Helping youth understand and shape what happens in local life as a means of constructing attachment to place and prioritizing knowledge production over consumption is of increasing importance to educators interested in democracy. Promoting such aims in the face of competing pressures to conform to informal networks of power and control in schools can be challenging for any teacher, particularly novices. In this chapter, I examine how my past experiences as a beginning teacher in a rural elementary school in the Northeast USA, where I pioneered curricular and pedagogical innovations in a small rural community, helped inform my efforts to navigate political complexity as a teacher educator. Drawing from personal journals and documents from my years as a beginning teacher, alongside transcripts of recent conversations with former colleagues who helped shape the political climate of my rural context, I illuminate multiple realities of rural school politics. Fifteen years later, how do I un/knowingly re-experience the realities of marginalization, values, and place as a teacher educator? How have they influenced my pedagogical purposes, practices, and priorities? What is their broader relevance to rural teacher education, internationally, today?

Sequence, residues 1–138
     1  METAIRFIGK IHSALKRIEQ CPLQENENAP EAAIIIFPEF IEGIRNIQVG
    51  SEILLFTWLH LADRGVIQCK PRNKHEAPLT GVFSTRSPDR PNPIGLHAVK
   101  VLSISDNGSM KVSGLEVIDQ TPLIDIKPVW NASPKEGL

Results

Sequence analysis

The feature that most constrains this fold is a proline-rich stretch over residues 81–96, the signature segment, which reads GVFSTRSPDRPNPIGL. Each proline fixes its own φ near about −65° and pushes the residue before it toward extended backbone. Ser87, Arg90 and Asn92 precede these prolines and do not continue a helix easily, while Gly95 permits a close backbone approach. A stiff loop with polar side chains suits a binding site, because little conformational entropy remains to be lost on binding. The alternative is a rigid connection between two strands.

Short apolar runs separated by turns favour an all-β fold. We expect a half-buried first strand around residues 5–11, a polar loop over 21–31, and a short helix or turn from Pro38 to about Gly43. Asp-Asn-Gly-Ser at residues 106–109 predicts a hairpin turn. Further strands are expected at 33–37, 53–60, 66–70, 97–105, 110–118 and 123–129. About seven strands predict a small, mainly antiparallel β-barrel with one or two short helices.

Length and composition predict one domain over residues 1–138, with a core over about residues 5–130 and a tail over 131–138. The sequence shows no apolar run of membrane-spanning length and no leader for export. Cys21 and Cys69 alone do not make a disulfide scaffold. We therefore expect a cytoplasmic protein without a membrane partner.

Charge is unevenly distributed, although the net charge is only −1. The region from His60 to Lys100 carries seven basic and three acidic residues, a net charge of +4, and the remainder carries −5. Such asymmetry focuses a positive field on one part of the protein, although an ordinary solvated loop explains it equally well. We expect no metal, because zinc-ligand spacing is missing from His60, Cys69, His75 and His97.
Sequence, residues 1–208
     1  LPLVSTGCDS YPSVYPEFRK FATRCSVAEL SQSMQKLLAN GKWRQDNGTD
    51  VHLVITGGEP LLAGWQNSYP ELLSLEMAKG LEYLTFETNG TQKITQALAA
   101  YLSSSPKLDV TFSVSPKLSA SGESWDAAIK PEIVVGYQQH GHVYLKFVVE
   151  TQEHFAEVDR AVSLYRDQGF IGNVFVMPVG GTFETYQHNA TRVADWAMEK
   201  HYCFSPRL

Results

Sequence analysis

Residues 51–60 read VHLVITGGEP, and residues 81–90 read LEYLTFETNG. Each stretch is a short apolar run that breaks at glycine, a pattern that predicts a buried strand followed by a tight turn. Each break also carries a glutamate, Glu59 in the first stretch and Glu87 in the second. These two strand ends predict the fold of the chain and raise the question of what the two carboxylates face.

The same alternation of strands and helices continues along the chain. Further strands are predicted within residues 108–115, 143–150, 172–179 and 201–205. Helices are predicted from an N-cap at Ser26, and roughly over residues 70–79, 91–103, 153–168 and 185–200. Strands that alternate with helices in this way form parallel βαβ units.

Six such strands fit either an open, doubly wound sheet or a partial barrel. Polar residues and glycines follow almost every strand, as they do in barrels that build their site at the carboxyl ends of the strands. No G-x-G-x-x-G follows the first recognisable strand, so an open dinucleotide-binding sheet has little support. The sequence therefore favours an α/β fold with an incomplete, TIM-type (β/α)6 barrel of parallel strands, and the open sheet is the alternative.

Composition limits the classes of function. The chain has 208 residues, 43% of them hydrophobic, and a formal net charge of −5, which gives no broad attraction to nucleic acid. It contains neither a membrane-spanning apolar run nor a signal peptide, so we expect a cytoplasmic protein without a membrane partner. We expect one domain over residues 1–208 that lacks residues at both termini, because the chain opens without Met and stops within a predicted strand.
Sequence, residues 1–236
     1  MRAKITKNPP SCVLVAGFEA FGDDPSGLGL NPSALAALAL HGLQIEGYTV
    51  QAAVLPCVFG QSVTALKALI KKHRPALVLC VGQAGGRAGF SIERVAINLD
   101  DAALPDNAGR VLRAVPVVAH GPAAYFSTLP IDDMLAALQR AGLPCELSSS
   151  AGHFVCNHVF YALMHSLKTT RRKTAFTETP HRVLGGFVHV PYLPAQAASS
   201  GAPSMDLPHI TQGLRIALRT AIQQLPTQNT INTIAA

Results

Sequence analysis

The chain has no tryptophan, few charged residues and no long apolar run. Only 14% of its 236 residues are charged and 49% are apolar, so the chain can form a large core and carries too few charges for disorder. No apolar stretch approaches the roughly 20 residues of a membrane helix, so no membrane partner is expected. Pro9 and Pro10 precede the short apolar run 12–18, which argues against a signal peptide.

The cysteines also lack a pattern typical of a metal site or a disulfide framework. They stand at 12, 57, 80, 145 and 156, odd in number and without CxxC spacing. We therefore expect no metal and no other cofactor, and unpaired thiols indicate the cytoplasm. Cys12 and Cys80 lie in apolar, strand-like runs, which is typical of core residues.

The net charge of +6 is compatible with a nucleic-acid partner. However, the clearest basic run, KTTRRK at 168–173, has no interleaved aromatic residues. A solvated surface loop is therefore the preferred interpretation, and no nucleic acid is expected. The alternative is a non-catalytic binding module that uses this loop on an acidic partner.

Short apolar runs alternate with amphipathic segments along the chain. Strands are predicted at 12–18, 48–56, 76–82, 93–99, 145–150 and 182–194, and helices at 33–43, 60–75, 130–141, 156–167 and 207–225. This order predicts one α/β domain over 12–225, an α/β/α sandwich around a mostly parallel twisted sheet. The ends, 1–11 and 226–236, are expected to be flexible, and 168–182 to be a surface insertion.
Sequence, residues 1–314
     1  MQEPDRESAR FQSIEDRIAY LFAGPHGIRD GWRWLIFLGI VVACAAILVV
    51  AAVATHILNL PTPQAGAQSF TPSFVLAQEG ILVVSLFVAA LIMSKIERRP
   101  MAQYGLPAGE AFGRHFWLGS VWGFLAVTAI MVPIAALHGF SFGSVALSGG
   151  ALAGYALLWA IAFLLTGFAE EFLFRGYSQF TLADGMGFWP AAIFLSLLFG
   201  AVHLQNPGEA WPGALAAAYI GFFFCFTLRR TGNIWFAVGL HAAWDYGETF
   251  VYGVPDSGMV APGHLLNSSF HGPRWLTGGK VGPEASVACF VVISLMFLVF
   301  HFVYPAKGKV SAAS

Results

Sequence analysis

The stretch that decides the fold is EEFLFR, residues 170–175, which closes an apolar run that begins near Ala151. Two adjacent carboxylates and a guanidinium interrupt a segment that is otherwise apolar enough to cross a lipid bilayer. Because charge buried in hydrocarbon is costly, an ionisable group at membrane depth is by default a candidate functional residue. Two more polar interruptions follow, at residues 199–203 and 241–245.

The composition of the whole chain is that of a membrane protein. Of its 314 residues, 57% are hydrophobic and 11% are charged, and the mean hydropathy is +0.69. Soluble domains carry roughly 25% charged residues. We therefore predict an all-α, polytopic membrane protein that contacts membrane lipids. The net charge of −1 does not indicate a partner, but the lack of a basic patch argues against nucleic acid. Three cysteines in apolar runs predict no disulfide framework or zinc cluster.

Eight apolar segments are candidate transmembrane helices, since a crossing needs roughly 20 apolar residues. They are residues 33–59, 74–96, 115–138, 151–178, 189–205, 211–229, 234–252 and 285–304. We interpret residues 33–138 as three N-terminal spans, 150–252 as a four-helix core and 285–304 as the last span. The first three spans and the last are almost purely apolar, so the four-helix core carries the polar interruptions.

|Title of host publication||Self-studies in Rural Teacher Education|
|Editors||Ann K Schulte, Bernadette Walker-Gibbs|
|Place of Publication||Cham Switzerland|
|Pages||101 - 121|
|Number of pages||21|
|Publication status||Published - 2016|
|Name||Self-Study of Teaching and Teacher Education Practices|